A little over a decade ago Australia was fiercely debating the ethics of stem cell research.
Now one of the central figures of that debate, adult stem cell researcher Alan Mackay-Sim, has been named Australian of the Year.
Makay-Sim, who received the award at a ceremony in Canberra last week, was a pioneer in the use of stem cells for regenerative purposes. In 2002 he became the first scientist in the world to use olfactory ensheathing cells to bring about spinal regeneration in humans. The procedure was used by Polish researchers in 2012 to help a man paralysed from the chest down to walk again.
Yet Mackay-Sim was also embroiled in the Australian campaign against embryonic stem-cell research. In the early 2000s, IVF pioneer Alan Trounson -- then director of a national stem cell research centre -- was leading a campaign for a massive government funded embryonic stem cell research initiative. Mackay-Sim’s work was often used as evidence against funding the Trounson project.
Some see Mackay’s recent accolade as a vindication of adult stem-cell research, which at one point received significantly less funding than its alternative. Writing in The Australian, columnist Angela Shanahan remarked:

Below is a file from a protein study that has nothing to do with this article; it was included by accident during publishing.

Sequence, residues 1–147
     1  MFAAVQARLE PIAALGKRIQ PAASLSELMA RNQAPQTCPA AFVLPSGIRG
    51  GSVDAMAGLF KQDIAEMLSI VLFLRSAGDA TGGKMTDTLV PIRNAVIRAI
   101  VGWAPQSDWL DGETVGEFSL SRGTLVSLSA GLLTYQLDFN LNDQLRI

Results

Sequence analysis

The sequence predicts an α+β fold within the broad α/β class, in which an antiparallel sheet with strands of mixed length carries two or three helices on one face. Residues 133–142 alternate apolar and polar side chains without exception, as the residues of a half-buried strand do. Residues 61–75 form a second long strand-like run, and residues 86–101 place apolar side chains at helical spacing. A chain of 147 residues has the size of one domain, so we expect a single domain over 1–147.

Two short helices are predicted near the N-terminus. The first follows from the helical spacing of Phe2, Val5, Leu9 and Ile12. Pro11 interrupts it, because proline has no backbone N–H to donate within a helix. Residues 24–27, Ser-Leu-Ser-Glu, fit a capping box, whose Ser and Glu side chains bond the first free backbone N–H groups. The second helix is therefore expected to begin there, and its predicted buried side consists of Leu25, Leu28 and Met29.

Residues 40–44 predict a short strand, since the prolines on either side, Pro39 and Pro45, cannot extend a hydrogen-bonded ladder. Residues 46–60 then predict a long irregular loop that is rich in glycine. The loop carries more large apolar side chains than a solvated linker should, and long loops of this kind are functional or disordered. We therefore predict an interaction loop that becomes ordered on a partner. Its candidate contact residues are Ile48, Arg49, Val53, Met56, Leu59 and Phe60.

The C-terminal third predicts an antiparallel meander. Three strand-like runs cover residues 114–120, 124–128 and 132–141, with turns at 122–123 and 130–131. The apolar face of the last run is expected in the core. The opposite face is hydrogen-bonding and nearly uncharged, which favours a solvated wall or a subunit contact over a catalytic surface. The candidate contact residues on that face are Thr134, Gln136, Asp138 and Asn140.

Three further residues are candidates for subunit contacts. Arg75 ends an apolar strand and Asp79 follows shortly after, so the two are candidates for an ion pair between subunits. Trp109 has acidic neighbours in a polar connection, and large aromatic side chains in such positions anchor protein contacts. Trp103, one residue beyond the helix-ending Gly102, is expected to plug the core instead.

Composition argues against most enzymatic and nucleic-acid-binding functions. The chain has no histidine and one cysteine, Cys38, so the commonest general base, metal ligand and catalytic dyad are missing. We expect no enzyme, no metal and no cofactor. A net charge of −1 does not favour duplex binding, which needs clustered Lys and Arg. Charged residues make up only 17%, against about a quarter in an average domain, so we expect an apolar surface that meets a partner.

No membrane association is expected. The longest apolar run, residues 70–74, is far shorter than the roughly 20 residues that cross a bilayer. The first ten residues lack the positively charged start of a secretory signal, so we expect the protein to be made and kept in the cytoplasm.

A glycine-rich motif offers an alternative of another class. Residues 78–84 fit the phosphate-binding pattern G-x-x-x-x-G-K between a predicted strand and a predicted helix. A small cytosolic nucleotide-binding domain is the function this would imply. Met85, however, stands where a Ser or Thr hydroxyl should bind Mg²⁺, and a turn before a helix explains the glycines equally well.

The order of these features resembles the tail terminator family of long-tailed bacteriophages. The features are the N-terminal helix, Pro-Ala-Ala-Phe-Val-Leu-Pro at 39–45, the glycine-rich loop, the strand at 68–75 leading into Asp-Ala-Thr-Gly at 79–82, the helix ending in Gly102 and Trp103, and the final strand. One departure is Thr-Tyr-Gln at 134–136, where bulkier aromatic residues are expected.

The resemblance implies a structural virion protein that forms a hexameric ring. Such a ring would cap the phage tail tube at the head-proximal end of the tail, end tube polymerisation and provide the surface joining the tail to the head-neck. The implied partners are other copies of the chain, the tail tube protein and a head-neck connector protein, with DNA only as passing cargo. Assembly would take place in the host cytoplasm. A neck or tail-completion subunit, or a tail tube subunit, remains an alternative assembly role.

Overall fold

“By concentrating on the use of adult stem cells rather than embryonic stem cells, Mackay-Sim’s research bypassed the most contentious ethical debates, and, what is more, he did this with very limited funds. He and his team deserve full credit for that.”Others say that Mackay-Sim’s award is encouragement and “hope” for all stem-cell researchers. Writing in The Conversation, University of Melbourne stem-cell researcher Melissa Little said:
“while innovation is recognised by the major parties as a key driver for future success, their commitment to research funding in this country isn’t in line with their innovation focus...to have the spotlight turned towards the potential of stem cell science and the researchers in this field also brings us “hope”.”
We have introduced a new feature in BioEdge this week. It’s a new section called “In Depth”, where we plan to feature commentary, analysis, background and interviews.
This week Clark Hobson, of the University of Leicester, in the UK, argues that assisted suicide has a chance of becoming law in Britain through the courts, not through Parliament. In previous cases the courts have stated that Parliament must address the ban on assisted suicide appropriately. If it does not act, the Supreme Court might find that the ban infringes Article 8(1) of the European Convention of Human Rights (ECHR).
It’s an intriguing argument, one that will cheer supporters and dismay opponents of assisted suicide. Of course, Theresa May, the Prime Minister, has vowed to make withdrawal from the ECHR a central plank in the 2020 election, so there might not be much time...
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